Good progress in Enforcement in DOE but more work required


GOOD progress was evident in increasing the profile and importance of enforcement with the Department of Environment (DOE) and its agencies. That’s the view of Deputy Chief Inspector of Criminal Justice Inspection Northern Ireland, Brendan McGuigan in a follow-up inspection published today (Thursday 10 November 2011) for Enforcement in the Department of Environment.

There are three particular areas within the DOE where enforcement is used – Planning Service (PS), the Northern Ireland Environment Agency (NIEA), and the Driver and Vehicle Agency (DVA).
The initial report in 2007 made 12 recommendations. In this follow-up report 30% of the recommendations were achieved while a further 46% were partially achieved and the other recommendations were either not achieved or rejected.
Mr McGuigan said, “Enforcement staff across each of the DOE agencies have demonstrated a strong commitment to protecting the environment and improving road safety but expressed concern that their enforcement activities were not providing an effective deterrent - particularly in profit motivated crime.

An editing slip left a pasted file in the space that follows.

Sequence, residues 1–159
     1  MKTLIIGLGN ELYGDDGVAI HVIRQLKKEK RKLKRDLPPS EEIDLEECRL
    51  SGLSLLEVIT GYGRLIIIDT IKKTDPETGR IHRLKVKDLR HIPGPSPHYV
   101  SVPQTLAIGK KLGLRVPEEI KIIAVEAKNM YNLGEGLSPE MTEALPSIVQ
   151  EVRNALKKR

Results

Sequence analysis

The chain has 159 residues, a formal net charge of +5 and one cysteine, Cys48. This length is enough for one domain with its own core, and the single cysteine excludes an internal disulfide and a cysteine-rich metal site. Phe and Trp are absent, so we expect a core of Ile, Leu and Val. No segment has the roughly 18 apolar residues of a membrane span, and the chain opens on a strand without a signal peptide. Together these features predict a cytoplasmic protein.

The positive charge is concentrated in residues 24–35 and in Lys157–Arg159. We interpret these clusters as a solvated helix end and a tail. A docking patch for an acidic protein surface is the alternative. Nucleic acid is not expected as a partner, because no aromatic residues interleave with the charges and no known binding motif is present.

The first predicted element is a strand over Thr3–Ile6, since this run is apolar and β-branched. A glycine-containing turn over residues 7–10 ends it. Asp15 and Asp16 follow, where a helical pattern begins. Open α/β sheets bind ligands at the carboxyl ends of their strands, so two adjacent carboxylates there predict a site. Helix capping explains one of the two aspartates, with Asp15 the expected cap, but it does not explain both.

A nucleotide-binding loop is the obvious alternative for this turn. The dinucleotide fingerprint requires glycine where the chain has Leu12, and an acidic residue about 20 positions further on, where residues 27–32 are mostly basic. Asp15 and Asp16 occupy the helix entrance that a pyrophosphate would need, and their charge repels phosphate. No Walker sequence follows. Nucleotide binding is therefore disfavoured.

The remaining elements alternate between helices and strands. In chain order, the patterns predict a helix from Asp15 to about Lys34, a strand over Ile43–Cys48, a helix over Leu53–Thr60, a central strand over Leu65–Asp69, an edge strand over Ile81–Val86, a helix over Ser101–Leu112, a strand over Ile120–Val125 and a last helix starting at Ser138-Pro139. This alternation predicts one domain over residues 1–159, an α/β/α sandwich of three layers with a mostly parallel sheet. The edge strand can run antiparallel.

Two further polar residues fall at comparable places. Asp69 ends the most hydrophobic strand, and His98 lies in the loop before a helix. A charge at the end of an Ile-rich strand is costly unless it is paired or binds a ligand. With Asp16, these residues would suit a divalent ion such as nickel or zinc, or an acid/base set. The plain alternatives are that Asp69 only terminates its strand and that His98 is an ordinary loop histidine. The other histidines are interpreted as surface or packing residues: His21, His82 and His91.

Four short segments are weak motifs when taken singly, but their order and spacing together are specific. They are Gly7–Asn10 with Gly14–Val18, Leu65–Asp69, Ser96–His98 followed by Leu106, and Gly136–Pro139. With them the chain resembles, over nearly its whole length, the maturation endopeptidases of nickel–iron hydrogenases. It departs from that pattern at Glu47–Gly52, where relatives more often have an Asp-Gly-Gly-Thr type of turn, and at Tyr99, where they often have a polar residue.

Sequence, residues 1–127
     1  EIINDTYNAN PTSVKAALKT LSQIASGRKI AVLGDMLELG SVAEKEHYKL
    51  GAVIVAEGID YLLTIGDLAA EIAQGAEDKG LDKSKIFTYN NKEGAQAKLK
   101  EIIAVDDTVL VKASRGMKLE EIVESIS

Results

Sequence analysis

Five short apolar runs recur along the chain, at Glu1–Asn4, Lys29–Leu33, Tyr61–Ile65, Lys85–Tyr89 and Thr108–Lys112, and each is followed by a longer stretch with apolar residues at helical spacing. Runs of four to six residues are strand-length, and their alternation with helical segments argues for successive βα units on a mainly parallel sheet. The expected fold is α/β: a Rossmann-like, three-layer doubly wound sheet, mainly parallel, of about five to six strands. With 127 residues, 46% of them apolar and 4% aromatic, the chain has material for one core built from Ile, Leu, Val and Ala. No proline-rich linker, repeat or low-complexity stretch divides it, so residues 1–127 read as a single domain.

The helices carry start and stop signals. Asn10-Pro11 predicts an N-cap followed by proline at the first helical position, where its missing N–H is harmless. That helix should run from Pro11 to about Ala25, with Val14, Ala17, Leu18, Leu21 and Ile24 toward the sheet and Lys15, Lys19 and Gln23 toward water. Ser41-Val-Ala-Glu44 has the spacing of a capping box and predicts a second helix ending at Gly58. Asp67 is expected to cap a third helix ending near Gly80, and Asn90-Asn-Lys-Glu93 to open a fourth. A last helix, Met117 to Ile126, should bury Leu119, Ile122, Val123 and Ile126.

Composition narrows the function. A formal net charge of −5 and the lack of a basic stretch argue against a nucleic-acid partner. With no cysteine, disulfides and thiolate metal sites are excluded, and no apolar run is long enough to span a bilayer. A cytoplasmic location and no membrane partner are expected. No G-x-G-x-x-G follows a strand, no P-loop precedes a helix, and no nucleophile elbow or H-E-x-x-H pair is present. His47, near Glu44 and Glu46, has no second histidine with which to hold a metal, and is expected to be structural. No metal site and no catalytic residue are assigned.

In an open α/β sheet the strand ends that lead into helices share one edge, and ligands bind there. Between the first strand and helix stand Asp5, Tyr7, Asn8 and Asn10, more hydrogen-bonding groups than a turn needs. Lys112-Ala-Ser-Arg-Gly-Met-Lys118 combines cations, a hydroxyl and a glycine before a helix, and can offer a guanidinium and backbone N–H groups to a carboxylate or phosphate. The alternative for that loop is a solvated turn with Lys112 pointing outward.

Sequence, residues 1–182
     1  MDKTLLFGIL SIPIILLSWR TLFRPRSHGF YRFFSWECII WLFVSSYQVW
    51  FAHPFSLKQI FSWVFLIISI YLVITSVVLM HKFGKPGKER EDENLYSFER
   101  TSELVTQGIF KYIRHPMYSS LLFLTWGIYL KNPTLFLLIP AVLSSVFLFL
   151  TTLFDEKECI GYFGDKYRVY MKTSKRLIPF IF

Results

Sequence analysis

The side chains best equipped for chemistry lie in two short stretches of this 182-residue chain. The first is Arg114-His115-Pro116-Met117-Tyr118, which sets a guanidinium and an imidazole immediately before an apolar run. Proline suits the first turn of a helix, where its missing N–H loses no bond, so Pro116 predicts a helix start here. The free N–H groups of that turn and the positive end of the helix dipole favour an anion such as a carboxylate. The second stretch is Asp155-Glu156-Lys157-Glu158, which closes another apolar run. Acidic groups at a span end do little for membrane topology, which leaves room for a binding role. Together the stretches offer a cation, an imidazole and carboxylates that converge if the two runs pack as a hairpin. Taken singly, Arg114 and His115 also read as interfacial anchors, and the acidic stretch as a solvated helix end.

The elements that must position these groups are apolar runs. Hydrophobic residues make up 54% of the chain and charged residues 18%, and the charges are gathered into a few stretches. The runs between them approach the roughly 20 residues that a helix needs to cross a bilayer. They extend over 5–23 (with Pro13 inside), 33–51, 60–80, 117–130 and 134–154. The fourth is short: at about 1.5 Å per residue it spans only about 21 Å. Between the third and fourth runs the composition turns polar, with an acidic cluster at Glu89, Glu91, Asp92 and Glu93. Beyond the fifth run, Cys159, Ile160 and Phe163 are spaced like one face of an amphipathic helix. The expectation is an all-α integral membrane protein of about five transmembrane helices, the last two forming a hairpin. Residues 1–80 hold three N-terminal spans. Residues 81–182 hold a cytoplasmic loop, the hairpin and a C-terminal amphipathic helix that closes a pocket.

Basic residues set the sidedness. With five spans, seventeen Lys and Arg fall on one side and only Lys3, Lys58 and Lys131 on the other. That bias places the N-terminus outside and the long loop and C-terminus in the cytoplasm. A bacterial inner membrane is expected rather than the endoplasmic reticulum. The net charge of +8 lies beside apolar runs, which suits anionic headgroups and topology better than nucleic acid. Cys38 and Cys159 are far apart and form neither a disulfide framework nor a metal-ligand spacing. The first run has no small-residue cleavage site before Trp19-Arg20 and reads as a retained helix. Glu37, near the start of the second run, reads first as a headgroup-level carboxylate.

“The establishment of the Environmental Crime Unit in the Northern Ireland Environment Agency has gone some way to making a difference and is a notable success in terms of tackling serious environmental damage. It has led the way in financial investigation and subsequent confiscation of assets proceedings. Enforcement is beginning to send out the message – ‘the polluter pays’.”
However, it is CJI’s considered view that the Unit has not been 'adequately resourced’ and that only the ‘high profile’ cases have been addressed.  “It is critical that more work is done and that prosecutions are brought to bear on those who flagrantly breach the law in other waste cases, and to those who deliberately damage the natural and built heritage,” added Mr McGuigan.
The Planning Service has also invested heavily in its enforcement capabilities with supporting IT database and management information systems since the last inspection.
Of note is the recent decision by the Executive to transfer planning functions to the new District Councils which is to be established under the Review of Public Administration.
“The significant improvements by the PS and their Regional enforcement teams in managing to significantly reduce case backlogs over the past three years will need to be sustained in any new governance arrangements. Austerity measures must not be used as an excuse to undermine the good work achieved to date.
“The Driver and Vehicle Agency has reduced vehicle excise duty (road tax) and MOT evasion to levels more comparable to England and Wales. That said the DVA should strengthen its enforcement of commercial vehicles as a means of improving road safety. Some commercial vehicles are a risk to all road users,” said Mr McGuigan.
The follow-up report also reiterated CJI’s ‘wish to see greater protection for enforcement within government departments, including more transparency in the implementation of enforcement policy and the decision-making process for prosecutions’.